Sunday, 14 February 2016

Sprinkling Confetti On Unwelcome Persons' Portraits


By Tajudeen Sowole
Thematically based on the plight of victims of displacement, Ngozi Schommers' collage paintings, interestingly, bring an opportunity to see the subject through the perspective of a resident in Germany. Also of interest is the fact that, increasingly, a conservative Lagos art space is being challenged in battle for the soul of the rising value of appreciation, so confirms Schommers's technique in sprinkling of confetti on canvas. 
  
The Flu, by Ngozi Schommers
Currently showing as We Are Not Welcome Here at Rele Gallery, Onikan, Lagos, the body of work, which is Schommers debut solo exhibition also, in contemporary context appears to expand the technique of pointillism using confetti. For the artist whose signature is just eclipsing into the Lagos art space, her attempt to be adventurous appears like a self-tasking point of take off.
 Curated by Jude Anogwih, We Are Not Welcome Here stretches the issue of displacement to battle for survival, where, most times, retreat is unimaginable, yet the frontier of dreamland appears like a mirage. With quite a modest preview event, which had guests trickling into the exhibition space at Rele Gallery - a day before the public opening - enough ventilation was created for the works to breathe.  
  
A triptych of drawings and shade paintings mounted opposite the gallery's entrance seems like the centre of attraction for most guests during the Saturday evening. Titled The Flu, its rendition of figures across the triptych lines explains displacement of another form, so suggests Schommers’ thoughts  during a chat at the preview. From German inspiration of a similar word that indicates "flight", the artist distils a situation where "everyone is on his or her own," particularly in a world contending with all kind of diseases.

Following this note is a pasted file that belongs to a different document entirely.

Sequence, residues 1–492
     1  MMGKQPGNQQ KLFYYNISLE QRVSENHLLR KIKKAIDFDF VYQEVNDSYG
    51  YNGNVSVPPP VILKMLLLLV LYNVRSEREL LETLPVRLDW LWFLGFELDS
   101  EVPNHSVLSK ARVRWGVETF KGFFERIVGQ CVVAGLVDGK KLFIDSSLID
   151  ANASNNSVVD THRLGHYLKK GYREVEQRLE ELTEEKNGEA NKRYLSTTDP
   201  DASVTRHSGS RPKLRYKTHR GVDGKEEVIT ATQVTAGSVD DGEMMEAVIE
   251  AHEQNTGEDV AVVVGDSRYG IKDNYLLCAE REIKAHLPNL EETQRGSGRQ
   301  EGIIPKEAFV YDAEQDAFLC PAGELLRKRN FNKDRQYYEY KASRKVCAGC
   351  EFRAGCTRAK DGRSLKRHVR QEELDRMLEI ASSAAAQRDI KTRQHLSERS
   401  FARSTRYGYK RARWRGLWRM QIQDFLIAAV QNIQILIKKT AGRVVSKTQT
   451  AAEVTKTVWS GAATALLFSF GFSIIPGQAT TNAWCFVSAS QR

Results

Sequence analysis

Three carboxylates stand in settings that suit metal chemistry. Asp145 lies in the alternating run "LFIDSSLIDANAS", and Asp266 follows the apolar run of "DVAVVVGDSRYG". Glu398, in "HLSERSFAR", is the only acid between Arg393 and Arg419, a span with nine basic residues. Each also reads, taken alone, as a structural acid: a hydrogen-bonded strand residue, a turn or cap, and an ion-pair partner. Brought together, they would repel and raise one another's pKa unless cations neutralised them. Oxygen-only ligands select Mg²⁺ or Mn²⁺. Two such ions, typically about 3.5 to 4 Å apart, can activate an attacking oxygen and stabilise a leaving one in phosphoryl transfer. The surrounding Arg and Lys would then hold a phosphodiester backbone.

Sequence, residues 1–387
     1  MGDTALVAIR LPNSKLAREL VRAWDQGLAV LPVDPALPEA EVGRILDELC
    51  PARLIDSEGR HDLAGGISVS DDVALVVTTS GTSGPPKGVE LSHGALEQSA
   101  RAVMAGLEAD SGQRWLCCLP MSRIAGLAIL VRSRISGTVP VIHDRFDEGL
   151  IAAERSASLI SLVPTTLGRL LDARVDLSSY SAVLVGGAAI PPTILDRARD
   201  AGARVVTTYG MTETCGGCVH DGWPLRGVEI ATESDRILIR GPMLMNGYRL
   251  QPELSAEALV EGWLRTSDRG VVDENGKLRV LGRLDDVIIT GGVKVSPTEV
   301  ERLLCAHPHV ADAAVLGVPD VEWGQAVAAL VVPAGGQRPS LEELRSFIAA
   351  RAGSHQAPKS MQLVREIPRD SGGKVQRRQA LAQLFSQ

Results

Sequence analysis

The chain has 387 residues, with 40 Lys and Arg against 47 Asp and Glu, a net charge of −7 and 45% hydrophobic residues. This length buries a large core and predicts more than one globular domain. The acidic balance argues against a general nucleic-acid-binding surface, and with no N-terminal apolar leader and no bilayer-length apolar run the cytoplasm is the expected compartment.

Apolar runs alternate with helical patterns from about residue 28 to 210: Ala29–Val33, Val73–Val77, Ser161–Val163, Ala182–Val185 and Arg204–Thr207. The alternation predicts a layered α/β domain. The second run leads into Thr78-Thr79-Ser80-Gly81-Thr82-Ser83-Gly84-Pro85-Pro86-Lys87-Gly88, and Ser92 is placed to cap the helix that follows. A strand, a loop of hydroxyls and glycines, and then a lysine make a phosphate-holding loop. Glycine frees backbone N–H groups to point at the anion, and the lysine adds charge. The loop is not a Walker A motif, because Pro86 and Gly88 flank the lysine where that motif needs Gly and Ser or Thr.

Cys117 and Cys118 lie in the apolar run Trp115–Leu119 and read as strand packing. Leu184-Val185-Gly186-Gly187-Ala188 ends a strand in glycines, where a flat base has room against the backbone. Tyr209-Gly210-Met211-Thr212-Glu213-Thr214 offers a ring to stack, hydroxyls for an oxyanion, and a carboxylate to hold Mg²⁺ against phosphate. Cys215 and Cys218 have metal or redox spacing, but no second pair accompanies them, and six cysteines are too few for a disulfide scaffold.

Viewing the rest of the exhibits through the prism of the conceptual depth of The Flu appears like ascendancy in appropriation as Margarita of Old And New (confetti inject photo print and acrylic on canvas) strays into one's sight from right side of the gallery. In what looks like a surreal or conceptual composite realism, Margarita... presents energetic impression of a painstakingly rendered art piece.
  
Deep into the white walls of the gallery, rains of confetti gets louder on the portraits of these unwelcome persons. As works of art, they form  Schommers' identity on canvas, so suggest titles like Life Is A Gamble, and In A Bub le series 1 & 2, all portraitures of a child, lad and young adult among several others that are highlight the displacement themes. For example, Untittled (we are not welcome here), depict a distressed-face of what looks like a young Arab child. And with butterflies as well as flowerings as signs matted on the subjects, Schoomers stresses the flight analogy of the theme in focus.
   
Being a citizen in Germany, a country at the receiving end of refugees from the Middle East, and perhaps parts of Africa, Schommers has an opportunity of first-hand information. She recalls how her contact with some of the refugees started when she arrived Germany two tears ago. From her observation of the activities of the migrants and refugees, some of "who were my neighbours" she distills the constrains of the people "to adjust to the restrictions of space," in the host country.
   
Apart from those displaced as a result of wars in their homelands, the other set of self-inflicted displaced persons and 'economic refugees' are still on the increase in Europe despite dwindling resources of most of the unwilling host countries. Is there anything 'privileged' residents like Schommers can do to assist these people, particularly in educating them on the challenges ahead?